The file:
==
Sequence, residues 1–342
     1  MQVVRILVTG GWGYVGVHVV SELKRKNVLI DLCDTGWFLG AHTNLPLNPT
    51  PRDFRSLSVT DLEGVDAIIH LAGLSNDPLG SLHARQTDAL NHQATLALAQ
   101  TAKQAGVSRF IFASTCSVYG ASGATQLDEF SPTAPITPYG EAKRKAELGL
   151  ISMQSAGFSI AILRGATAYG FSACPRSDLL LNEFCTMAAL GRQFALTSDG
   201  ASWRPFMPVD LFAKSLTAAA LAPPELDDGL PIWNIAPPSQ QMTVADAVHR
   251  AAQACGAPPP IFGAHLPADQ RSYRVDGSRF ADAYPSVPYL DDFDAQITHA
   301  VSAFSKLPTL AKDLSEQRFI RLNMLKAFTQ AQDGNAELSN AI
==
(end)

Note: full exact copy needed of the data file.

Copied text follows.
Sequence, residues 1–342
     1  MQVVRILVTG GWGYVGVHVV SELKRKNVLI DLCDTGWFLG AHTNLPLNPT
    51  PRDFRSLSVT DLEGVDAIIH LAGLSNDPLG SLHARQTDAL NHQATLALAQ
   101  TAKQAGVSRF IFASTCSVYG ASGATQLDEF SPTAPITPYG EAKRKAELGL
   151  ISMQSAGFSI AILRGATAYG FSACPRSDLL LNEFCTMAAL GRQFALTSDG
   201  ASWRPFMPVD LFAKSLTAAA LAPPELDDGL PIWNIAPPSQ QMTVADAVHR
   251  AAQACGAPPP IFGAHLPADQ RSYRVDGSRF ADAYPSVPYL DDFDAQITHA
   301  VSAFSKLPTL AKDLSEQRFI RLNMLKAFTQ AQDGNAELSN AI